This is a technical overview of the Double Agent project. It's intended for developers who want
to understand how Double Agent is built and distributed.
Double Agent is currently written entirely in C++ and exclusively for the Windows operating system.
- Animation and sound effects are rendered using Windows DirectShow technology. There are
several reasons for this choice.
- Although using DirectShow introduces an intrinsic dependency on Windows, it also leverages the existing collection
of DirectShow filters.
- DirectShow is tightly integrated with other Windows components. This allows very efficient media
rendering without any noticeable effect on application performance.
- The DirectShow filter graph implements a composite media stream with both visual and audio components.
It allows each component to be prepared independently while keeping rendering exactly synchronized.
- Double Agent version 1.x includes a custom video rendering filter. The DirectShow 9.0 Video Mixing Renderer
(VMR) doesn't include support for transparent rendering of the base video stream, and it's overkill
for Double Agent's animations. However, as a future enhancement the VMR could easily be used
to allow character animations to be overlaid on another video stream (for example) or even a
- The Audio Compression Manager (ACM) filter is used to handle all of the different sound formats that
can be found in existing character files.
- The Direct Show Audio Renderer is used to handle all of the possible audio output devices (although
version 1.x only uses the default audio device, allowing a choice of audio devices will be a very
- Double Agent uses the Windows Speech API (SAPI) for text-to-speech and speech recognition.
- The 32-bit build supports both SAPI4 and SAPI5 for text-to-speech. For speech recognition, it
uses SAPI5 only.
- The 64-bit build uses SAPI5 only. SAPI4 is a 32-bit-only runtime.
- SAPI5 is pre-installed with Windows. SAPI4 (and its associated voices) can be downloaded and installed
separately. If, for some reason, SAPI is not available, Double Agent will still function, but
the text-to-speech and speech recognition won't be available.
- Although version 1.x uses only the default input and output devices, allowing a choice of devices
will be a very simple enhancement.
- The speech balloon is implemented as a Windows ToolTip control.
- This isn't strictly required. However, because of its text-to-speech features, Agent is often
used by the visually impaired. The native ToolTip control is recognized and properly handled by
screen reader software, thus keeping Double Agent accessible.
Double Agent has no runtime dependencies other than Windows itself. Although it was designed for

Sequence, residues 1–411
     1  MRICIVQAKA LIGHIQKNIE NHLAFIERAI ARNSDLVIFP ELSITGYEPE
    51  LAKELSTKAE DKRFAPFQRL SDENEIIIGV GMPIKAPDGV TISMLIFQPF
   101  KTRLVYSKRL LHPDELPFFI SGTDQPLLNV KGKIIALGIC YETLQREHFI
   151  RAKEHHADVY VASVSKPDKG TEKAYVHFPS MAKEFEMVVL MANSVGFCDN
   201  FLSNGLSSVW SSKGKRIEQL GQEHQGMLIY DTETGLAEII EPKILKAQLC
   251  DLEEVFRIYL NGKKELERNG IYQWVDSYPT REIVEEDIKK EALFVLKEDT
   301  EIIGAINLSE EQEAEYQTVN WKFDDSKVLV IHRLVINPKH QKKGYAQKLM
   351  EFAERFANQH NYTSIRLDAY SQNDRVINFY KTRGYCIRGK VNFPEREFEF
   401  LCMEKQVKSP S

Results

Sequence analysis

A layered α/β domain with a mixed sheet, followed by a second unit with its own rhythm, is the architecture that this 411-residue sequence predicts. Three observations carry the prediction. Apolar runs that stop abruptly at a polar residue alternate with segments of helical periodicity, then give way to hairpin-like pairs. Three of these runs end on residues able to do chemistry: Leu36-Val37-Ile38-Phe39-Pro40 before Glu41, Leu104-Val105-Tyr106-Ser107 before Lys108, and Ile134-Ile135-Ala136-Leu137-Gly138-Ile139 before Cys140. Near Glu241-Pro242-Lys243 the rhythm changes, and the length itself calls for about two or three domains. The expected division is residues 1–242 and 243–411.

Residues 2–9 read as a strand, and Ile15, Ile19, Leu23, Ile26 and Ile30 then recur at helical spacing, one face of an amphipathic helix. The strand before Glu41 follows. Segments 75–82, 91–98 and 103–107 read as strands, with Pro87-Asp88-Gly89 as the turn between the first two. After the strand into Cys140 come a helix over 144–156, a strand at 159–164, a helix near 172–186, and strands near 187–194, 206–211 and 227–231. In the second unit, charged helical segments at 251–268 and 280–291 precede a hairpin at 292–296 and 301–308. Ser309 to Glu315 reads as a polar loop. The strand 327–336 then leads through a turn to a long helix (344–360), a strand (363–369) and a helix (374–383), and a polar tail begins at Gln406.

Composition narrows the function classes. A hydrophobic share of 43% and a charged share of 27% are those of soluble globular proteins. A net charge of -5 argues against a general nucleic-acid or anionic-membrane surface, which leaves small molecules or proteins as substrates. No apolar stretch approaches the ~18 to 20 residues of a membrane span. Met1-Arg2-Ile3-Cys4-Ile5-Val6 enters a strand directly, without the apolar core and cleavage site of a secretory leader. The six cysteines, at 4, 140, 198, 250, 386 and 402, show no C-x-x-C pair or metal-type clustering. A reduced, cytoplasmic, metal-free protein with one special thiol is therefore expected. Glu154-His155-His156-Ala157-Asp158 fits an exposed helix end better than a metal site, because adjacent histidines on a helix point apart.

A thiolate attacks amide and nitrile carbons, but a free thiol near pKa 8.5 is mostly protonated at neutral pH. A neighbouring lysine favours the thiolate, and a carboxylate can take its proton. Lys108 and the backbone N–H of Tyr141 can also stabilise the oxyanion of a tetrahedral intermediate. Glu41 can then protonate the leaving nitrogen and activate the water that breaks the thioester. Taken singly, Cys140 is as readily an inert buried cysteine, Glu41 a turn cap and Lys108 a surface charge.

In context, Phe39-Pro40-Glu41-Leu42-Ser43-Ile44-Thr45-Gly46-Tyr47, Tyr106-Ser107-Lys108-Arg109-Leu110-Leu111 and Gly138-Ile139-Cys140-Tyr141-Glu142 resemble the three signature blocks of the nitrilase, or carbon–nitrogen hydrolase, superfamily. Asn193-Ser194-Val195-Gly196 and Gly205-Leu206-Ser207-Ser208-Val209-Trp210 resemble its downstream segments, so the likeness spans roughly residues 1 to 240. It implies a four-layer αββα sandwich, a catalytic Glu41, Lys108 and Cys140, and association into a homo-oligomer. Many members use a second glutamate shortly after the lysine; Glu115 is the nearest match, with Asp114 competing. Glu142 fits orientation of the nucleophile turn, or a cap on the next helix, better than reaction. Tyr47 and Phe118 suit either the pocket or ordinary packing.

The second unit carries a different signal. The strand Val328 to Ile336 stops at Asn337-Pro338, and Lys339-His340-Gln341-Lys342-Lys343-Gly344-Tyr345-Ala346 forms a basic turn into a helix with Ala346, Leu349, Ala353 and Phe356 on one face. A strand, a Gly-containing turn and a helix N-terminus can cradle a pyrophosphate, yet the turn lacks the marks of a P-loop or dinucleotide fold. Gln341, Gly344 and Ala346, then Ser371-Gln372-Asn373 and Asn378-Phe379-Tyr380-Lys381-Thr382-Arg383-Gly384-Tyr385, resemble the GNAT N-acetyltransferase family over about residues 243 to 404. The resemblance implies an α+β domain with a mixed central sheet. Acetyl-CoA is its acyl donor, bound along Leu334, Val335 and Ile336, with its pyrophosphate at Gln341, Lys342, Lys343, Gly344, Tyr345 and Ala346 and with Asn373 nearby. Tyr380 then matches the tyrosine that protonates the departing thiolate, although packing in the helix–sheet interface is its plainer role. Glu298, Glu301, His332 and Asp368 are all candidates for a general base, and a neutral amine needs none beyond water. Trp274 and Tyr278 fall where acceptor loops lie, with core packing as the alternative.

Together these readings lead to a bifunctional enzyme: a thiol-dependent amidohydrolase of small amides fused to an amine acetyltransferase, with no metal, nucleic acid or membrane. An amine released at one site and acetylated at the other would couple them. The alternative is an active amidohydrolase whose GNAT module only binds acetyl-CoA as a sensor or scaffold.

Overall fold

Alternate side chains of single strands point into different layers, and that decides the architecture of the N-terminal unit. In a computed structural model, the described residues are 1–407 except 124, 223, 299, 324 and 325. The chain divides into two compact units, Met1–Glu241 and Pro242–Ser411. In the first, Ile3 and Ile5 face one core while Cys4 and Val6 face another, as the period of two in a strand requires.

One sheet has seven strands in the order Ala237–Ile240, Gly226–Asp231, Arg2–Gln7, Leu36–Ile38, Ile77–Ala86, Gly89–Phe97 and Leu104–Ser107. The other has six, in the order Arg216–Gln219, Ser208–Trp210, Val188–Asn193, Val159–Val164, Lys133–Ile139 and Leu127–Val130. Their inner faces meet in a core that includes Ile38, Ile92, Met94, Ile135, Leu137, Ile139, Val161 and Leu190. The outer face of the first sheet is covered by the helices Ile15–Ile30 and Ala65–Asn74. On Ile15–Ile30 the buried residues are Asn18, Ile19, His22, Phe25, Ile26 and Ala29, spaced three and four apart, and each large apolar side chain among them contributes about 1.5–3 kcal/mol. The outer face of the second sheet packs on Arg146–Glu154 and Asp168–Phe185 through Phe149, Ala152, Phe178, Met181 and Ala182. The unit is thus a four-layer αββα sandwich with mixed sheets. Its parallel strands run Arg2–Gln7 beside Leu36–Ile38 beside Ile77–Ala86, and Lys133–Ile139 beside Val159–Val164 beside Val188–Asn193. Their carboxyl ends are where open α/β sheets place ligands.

Windows 7, it's been kept compatible with Windows XP and Windows Vista. This allows application
developers to develop and distribute Double Agent applications on those Windows platforms as well as
In development, Double Agent has as few dependencies as possible. Here's a summary of the build
environment for Double Agent 1.x.
- Microsoft Visual C++ 2008
- The compiler version was 15.00.21022.08
- The resource compiler version was 6.1.7600.16385
- The linker version was 9.00.21022.08
- Microsoft Windows SDK version 7.0
- For backward compatibility, DirectShow version 9.0 is used.
- For backward compatibility, the old Windows XP thread pooling API is used rather than the newer Windows
Vista thread pooling.
- Microsoft Foundation Classes (MFC) version 9.0
- MFC is statically linked to avoid any runtime dependencies.
- MFC is the only dependency that isn't available with Visual C++ Express Edition.
The Double Agent installation is packaged as a set of Windows Installer Package (.msi) files and associated
Cabinet (.cab) files. The installer packages contain the basic runtime components, and the cabinets
contain optional development components. Thus, end-users require only the installer packages while
developers can download and install the development components as required.
When the installation is run, the installer package will check for the optional cabinet files (in the
same directory as the installer package) and will enable or disable the optional components accordingly.
There are three separate installations, depending on the target environment:
- This is the 32-bit build for the 32-bit versions of Windows 7, Windows Vista, and Windows XP.
- The samples cabinet includes all of the sample programs.
- This is the combined 64-bit and 32-bit builds for 64-bit versions of Windows 7 and Windows Vista.
- 64-bit runtimes (and debugging symbols) are installed in
while 32-bit runtimes (and debugging symbols) are installed in
Program Files (x86).
- The sample programs that are compatible with 64-bit development are installed in
Program Files, and those that are only compatible with 32-bit development (such as VB6) are installed
Program Files (x86).
- This is the 64-bit build for the 64-bit versions of Windows 7 and Windows Vista.
- The samples cabinet includes only those samples that are compatible with 64-bit development.
- Since end-users will likely run a combination of 32-bit and 64-bit applications, this installation is
not recommended for them.